Milestone Road: Six and a Half Miles, Hundreds of Years of History

Road roller at work on Milestone Road, Siasconset, Nantucket. 1899. Courtesy Nantucket Historical Association.

 

At just about 6.5 miles long, Milestone Road connects Nantucket’s two historic cores: the bustling harbor front of downtown and the quiet village of ’Sconset. Yet Milestone Road is not simply a way from here to there, but an important historic corridor with unparalleled views of Nantucket’s rural landscape, critical to the island’s status as a National Historic Landmark.

The NHL entry illuminates further: “Land conservation efforts have preserved more than 40% of the island as open land, large portions of which are managed as cranberry bogs and open land subject to annual controlled burns; this conservation land preserves the windswept maritime setting that has characterized all periods of Nantucket’s historic past.”

Horse drawn carriage on Nantucket roadway, most likely Milestone Road. ca. 1890. Courtesy Nantucket Historical Association.

By the late 1600s, Nantucketers started establishing cart paths to Siasconset. The paths were free flowing and often diverted obstacles such as ruts, but generally followed the now established road. Early 19th century deeds provide evidence that the road was well established just west of the village from Cain’s Hill (public golf course) east to Sconset.

In 1824, the milestone markers were placed to time horse races from and to ‘Sconset and town. On June 1, 1833 The Inquirer & Mirror reported that many hundreds of cart loads of clay have been intermixed with the sand and the “prospect is very favorable that an excellent road will be established from town out to the first milestone marker.”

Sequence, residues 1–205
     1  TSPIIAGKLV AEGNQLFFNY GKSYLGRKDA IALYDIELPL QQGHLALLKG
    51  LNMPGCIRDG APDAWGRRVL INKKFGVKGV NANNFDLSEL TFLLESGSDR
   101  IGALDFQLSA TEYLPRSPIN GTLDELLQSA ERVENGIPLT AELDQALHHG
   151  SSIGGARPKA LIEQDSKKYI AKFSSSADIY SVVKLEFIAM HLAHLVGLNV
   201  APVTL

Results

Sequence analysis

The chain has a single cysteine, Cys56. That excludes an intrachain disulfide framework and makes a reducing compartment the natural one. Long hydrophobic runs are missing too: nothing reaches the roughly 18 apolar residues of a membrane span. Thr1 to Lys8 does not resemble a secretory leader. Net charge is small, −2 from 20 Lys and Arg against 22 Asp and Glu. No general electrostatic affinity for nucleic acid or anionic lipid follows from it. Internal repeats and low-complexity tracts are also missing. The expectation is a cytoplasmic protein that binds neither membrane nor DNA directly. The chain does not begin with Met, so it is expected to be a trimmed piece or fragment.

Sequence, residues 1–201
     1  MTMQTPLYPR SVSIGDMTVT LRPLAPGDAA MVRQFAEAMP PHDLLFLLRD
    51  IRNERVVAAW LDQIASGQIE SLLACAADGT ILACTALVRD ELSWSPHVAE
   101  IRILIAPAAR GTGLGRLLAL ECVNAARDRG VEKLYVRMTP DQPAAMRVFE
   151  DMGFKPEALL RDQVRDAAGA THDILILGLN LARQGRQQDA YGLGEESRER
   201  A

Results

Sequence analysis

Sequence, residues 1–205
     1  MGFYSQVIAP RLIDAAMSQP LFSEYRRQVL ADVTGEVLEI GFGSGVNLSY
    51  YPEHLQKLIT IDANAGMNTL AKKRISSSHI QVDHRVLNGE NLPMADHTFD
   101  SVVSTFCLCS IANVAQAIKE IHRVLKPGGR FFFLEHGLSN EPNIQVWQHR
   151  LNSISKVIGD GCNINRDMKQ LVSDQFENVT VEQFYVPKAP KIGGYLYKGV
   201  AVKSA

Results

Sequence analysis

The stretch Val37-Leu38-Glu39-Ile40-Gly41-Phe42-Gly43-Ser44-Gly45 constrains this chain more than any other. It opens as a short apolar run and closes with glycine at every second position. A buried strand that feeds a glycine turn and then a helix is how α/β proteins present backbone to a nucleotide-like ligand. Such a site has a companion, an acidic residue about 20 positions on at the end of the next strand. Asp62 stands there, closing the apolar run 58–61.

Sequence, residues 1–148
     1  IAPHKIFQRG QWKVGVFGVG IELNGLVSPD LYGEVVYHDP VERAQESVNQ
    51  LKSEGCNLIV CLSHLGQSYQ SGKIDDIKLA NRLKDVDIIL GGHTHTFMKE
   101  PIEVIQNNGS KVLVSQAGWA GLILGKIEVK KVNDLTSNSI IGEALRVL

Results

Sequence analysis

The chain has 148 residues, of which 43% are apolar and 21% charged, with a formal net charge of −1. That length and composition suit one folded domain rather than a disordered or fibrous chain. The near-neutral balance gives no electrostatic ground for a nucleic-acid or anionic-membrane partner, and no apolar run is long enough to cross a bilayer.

In 1855, Nantucketers wanted a clearly designated road to the east end of the island. A road was surveyed and improved. In 1856, Mr. Joseph Vincent planted a row of pine seed on each side of the ’Sconset road, “from the corner just below the Asylum to Philip’s Run.”

By the 1880s, the road to ’Sconset was commonly referred to as the Milestone Road. Throughout the 1880s the road required repairs as the ruts became quite deep. Schemes for an electric railway along the Milestone Road were proposed in the late 1880s.


Milestone road construction underway with a man measuring the depth of an old rutted road beside it. 1894. Courtesy Nantucket Historical Association.

By 1893 the condition of the road was so poor that the town petitioned for Milestone Road to become a state road. The road was again surveyed. Over the course of several years in the late 1890s the Milestone Road was paved with crushed stones. The State Road to ’Sconset was completed in 1910.

By 1896, a bike path had been constructed from town to ’Sconset and was repaired in 1900 after heavy use. It was paved in 1958.

According to Dr. Frances Karttunen, in “A History of Roads and Ways in Nantucket County,” around 1900, a handful of motor vehicles were brought to Nantucket by summer residents. Nantucket voters successfully requested a special act of the Massachusetts legislature to make it illegal to operate an automobile on the island. This ban passed in 1908 and was held until the spring of 1918. Within ten days of the repeal, there were 24 cars and a car dealership on island.

In 1977, Milestone Road was beautified by the planting of 21,000 daffodil bulbs alongside the road by the Nantucket Garden Club. More than forty years later, the daffodils still delight each spring.

Milestone Road has long captivated those journeying to ’Sconset, as this 1896 poem A Picture by Anna C. Starbuck printed in The Inquirer & Mirror details:

I am noting the stretch of the “commons,”

            The prairie-like roll of the land;

            I care not to number the mile-stones

            That flaunt me their faces, so bland;

            Each wheel turns a fresh internode,

            For I love every inch of the distance

            Each sod and each rut of the road.